After seeing the success of McFit, the sisters decided to launch their own budget offering: GOGO Express
The family hopes to one day open a GOGO Sports Club, which would include a full-service health club plus tennis courts and a pool
The family hopes to one day open a GOGO Sports Club, which would include a full-service health club plus tennis courts and a pool
http://www.leisureopportunities.com/images/imagesX/206098_374244.jpg
The co-founder of Finland’s pioneering fitness brand GOGO tells us about the company’s journey, from its beginnings as the country’s first full-service fitness club...
Taru Vahatalo, GOGO, McFit,Taru Vähätalo,GOGO, McFit,
Latest News
Thousands of UK leisure and fitness facilities could close permanently, as operators struggle to deal ...
Latest News
Martin Long, CEO of DW Fitness First, has called on the government to speed up ...
Latest News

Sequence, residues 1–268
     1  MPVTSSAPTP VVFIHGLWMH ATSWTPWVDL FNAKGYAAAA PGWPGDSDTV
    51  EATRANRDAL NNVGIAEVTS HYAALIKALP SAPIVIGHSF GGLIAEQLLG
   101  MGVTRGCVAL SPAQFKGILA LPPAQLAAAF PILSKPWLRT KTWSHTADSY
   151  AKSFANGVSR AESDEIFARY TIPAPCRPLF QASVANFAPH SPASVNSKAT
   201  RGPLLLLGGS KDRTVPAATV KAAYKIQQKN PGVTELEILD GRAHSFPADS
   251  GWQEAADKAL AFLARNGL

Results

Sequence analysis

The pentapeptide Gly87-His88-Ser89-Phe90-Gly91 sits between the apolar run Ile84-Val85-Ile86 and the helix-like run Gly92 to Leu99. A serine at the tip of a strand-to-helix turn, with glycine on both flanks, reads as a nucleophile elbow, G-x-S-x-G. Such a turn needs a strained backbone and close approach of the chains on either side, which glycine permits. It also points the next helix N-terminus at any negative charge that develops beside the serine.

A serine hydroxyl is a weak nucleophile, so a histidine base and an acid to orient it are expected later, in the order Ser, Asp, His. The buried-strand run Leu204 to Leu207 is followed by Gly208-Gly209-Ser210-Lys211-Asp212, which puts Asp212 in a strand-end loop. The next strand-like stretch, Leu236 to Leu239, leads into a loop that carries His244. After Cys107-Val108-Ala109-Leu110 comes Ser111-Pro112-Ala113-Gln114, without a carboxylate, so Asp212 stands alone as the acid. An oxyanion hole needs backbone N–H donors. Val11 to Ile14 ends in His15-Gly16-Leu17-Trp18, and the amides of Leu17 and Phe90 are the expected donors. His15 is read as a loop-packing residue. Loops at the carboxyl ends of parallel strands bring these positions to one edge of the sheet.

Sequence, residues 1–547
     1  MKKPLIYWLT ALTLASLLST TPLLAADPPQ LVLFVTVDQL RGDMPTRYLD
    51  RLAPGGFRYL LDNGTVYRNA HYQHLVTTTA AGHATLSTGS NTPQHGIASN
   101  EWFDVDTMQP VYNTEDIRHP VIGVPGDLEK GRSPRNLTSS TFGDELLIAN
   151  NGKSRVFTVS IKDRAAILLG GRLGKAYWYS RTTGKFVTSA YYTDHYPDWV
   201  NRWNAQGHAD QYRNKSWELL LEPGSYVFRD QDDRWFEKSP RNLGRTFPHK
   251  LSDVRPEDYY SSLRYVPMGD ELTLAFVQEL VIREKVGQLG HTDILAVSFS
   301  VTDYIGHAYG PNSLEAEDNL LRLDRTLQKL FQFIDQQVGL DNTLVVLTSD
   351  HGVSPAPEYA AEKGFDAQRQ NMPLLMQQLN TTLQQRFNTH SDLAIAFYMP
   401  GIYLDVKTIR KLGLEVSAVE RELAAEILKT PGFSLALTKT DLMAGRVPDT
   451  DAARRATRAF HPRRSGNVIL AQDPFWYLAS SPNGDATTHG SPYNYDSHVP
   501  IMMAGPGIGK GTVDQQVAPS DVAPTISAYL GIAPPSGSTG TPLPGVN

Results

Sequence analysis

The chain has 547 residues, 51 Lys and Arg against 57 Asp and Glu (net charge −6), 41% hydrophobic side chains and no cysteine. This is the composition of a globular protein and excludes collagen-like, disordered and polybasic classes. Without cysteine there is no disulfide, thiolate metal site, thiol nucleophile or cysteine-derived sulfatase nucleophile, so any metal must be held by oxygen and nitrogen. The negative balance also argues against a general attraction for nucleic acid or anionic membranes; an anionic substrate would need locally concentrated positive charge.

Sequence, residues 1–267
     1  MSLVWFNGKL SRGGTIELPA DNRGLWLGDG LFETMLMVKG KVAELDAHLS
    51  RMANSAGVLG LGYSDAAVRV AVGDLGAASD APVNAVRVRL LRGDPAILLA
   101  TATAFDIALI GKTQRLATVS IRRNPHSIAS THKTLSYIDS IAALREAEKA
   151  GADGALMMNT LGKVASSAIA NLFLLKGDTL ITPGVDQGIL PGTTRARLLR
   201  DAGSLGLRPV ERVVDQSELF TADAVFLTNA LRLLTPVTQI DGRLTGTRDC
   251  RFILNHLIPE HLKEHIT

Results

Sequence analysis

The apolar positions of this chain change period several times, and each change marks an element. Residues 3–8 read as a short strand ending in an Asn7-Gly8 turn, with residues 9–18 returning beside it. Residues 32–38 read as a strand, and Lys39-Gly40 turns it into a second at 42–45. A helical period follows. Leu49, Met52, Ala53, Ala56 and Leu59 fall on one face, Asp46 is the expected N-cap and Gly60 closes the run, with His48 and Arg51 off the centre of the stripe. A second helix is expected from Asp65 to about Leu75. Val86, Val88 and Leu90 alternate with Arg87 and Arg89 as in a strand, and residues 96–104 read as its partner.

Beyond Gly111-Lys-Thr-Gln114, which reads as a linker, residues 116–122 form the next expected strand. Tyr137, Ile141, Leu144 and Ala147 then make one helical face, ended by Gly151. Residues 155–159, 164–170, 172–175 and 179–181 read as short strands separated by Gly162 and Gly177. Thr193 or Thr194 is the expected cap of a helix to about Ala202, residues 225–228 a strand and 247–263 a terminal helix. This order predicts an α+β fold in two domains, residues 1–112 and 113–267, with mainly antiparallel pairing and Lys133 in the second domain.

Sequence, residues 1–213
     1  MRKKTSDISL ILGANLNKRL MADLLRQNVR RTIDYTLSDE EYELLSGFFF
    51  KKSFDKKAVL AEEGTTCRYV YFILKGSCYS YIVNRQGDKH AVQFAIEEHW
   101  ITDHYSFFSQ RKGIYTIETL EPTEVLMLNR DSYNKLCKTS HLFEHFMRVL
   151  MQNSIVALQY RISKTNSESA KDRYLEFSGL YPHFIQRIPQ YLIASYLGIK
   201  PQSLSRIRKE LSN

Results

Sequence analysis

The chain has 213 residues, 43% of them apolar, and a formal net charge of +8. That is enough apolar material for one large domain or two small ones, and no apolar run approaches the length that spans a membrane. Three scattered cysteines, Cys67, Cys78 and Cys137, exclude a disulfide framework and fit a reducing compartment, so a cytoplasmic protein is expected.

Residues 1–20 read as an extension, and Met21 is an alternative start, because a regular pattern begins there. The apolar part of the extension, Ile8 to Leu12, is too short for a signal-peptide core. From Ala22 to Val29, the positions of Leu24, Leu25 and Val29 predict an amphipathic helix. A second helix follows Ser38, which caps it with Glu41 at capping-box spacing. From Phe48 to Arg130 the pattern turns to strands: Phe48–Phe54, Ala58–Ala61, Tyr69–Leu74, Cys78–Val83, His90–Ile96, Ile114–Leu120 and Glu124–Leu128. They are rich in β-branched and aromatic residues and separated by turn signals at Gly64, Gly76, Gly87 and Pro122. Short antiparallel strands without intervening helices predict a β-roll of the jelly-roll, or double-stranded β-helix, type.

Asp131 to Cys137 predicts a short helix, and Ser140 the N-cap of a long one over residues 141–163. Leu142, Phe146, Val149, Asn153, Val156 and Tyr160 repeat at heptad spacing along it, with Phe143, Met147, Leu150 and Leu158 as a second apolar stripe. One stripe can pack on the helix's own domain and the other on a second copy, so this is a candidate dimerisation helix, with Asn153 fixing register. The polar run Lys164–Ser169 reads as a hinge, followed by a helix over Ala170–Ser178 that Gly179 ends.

Duncan Bannatyne, CEO of Bannatyne Group, which runs spas, health clubs and hotels, says the ...
Latest News
Technogym has announced a new initiative designed to find the stars of the future. The ...
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Nearly two thirds (64 per cent) of the world’s health and fitness clubs are currently ...
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Although the facts may seem less relevant now due to the coroavirus pandemic, new numbers ...
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Fitness professionals should use the coronavirus-induced lockdown – where possible – to enhance their knowledge ...
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Featured supplier: Aberdeen Sports Village puts digital connectivity at its core
The newly refurbished Aberdeen Sports Village (ASV) has undergone a £500,000 overhaul to enable it to offer a stronger user experience with digital connectivity at its core.
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Incorpore and MoveGB have entered into a landmark partnership, combining the UK’s largest provider of corporate gym memberships with the nation’s biggest network of classes.
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Opinion: Overcome membership attrition with this surprising new industry trend: the modern training gym
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Founded in 1983, Technogym is a world-leading international supplier of technology and design-driven products and ...